The City of London’s public transport authority, Transport for London (TfL), is in the process of carrying out a program to make the British capital’s streets healthier. The aim of its so-called Healthy Streets Approach, a policy developed with the enthusiastic support of Mayor Sadiq Khan, is to help the people of London use their cars less and walk, cycle, and use public transport more.
“To achieve this, it is important to plan a longer-term and coherent cycle network across London in a way that will complement walking and public transport priorities,” the TfL says in its 50-page Strategic Cycling Analysis, published in June 2017.
An important part of this strategy is the creation of cycle superhighways across the entire city. The TfL describes the aim of cycle superhighways as providing “protected space for cycling on some of London’s busiest roads. They connect stations, town centres and key destinations, making them more accessible and easier for people to cycle to.”
London currently has eight completed cycle superhighways and more are being planned and built.
However, this is not a new idea – far from it. What may have been the first cycle superhighway (though that data is not available) was created in the Colombian capital Bogotá some 40 years ago, before cycling was widely seen as a transport alternative to the automobile. Whether or not it was the first, today the Ciclovía program is the largest street cycle scheme of its kind in the world, with about 120 kilometres of roadway turned into bike lanes for seven hours every Sunday and holiday, with an average of no fewer than 1 million cyclists hitting the pavement each week.
The idea has spawned hundreds of similar programs, most of them in Latin America and in some European cities, such as Paris. However, the problem with these programs, many argue, is that their aim is principally recreation, not pollution reduction. But in Denmark, the cycle superhighway has become a part of the country’s transport ecosystem, as much an alternative to commuting by car as a way of life.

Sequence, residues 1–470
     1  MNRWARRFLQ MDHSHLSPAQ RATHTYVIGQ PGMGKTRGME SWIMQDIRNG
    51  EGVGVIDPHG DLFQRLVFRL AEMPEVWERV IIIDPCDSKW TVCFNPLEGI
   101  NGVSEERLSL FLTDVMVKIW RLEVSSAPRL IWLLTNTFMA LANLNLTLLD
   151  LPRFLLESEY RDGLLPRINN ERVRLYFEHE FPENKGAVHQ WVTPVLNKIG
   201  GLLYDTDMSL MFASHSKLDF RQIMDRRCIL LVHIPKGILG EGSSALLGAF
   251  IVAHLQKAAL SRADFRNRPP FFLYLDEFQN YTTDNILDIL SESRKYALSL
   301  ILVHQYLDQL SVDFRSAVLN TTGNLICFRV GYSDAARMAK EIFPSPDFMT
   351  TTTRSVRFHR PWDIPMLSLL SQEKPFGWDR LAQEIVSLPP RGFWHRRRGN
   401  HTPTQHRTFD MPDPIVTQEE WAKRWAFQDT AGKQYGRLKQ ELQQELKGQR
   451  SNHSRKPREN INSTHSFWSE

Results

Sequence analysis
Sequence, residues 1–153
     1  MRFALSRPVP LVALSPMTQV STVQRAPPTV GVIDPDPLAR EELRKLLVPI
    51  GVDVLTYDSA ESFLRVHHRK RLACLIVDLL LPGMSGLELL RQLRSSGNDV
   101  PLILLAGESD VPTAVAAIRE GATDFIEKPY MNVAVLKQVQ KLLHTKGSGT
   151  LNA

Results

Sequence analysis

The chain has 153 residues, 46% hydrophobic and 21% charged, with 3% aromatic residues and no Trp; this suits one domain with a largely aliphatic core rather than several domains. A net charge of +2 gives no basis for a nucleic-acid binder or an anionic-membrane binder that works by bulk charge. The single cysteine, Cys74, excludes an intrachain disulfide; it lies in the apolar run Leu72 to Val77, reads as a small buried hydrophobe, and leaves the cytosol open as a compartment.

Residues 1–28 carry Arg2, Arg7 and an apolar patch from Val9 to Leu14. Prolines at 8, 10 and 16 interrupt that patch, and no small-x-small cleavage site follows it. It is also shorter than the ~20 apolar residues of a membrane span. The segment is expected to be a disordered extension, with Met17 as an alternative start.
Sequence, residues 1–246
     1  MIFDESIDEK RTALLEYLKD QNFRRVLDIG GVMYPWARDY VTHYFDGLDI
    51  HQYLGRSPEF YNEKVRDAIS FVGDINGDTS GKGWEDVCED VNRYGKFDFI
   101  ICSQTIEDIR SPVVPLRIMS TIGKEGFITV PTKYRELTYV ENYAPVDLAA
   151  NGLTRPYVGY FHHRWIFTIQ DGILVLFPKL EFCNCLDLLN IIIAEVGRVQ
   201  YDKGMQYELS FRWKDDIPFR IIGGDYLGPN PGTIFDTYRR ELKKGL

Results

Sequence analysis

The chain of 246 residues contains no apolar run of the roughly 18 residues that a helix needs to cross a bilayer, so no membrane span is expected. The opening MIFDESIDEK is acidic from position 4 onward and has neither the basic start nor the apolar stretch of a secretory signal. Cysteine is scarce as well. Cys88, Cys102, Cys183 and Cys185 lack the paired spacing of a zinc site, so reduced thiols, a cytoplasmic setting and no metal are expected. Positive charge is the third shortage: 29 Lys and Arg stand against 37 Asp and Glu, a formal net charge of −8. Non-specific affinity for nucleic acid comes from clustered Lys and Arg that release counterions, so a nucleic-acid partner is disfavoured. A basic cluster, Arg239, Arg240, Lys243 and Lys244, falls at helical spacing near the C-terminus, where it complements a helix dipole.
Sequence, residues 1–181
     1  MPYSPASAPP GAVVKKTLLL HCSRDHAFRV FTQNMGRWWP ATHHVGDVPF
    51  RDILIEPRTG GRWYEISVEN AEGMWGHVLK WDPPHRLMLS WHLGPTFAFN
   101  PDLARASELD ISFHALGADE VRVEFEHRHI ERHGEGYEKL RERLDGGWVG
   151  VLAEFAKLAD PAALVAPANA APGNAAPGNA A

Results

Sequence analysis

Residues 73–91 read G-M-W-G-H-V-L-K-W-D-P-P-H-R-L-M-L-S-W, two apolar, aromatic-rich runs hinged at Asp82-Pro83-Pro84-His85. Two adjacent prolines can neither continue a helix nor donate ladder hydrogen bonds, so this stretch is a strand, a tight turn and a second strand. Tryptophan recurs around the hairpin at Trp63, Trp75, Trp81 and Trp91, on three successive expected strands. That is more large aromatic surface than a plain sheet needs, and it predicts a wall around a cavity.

The Danes are generally considered the world’s most enthusiastic cyclists and the country boasts 12,000 km of bike paths, 400 km in the capital Copenhagen alone – and all separated from car lanes and sidewalks. According to the site Denmark.dk, the aim of a cycle superhighway is “to connect work, study, and residential areas, making it a lot easier for commuters to bike to and from work instead of taking a car.” In addition, the cycle superhighways run near public transport stations, making it easy to combine cycling with a train.
To be categorized as a cycle superhighway in Denmark, a bike route must provide specific amenities and conditions, such as air pumps, footrests, safe intersections, and traffic lights timed so that at the rush hour, for example, cyclists travelling at an average speed of 20 km/h can travel through Copenhagen without needing to stop. And the routes themselves are well marked, both by road signs and orange C’s painted on the asphalt.
The first Danish cycle superhighway was opened in 2012. Currently, eight such routes are open, with seven more planned to open by 2021. In the region of Copenhagen alone, 746 km of cycle superhighways have been planned.
A number of other European countries have or are planning to build cycle superhighways. In the Netherlands, the first such route was built in 2004, with many others added since. Many of them have neither traffic lights nor intersections, such as the 16-km superhighway between Arnhem and Nijmegen, which a cyclist can ride without ever putting a foot down.
The Belgian region of Flanders is rolling out a network of 120 routes which will eventually comprise 2,400 km and connect all Flemish cities. Ultimately, a cyclist will be able to ride through the entire region without needing to stop.
And Germany recently opened the first part of an ambitiously planned 100-km cycle superhighway that is being built along abandoned railroad tracks. It will connect 10 cities in the western Ruhr region. An estimated 2 million people living in the area will be able to use the route, which could result in up to 50,000 fewer cars on the roads every day.
Any measure that makes it easier to cycle can produce important benefits, individually and for society as a whole. A recent study commissioned by the Confederation of Danish Industries concluded that if Danes cycled just 10 % more each year, the number of sick days would decline by 267,000 nationwide and traffic congestion in Copenhagen would be reduced by 6 %. That’s splendid!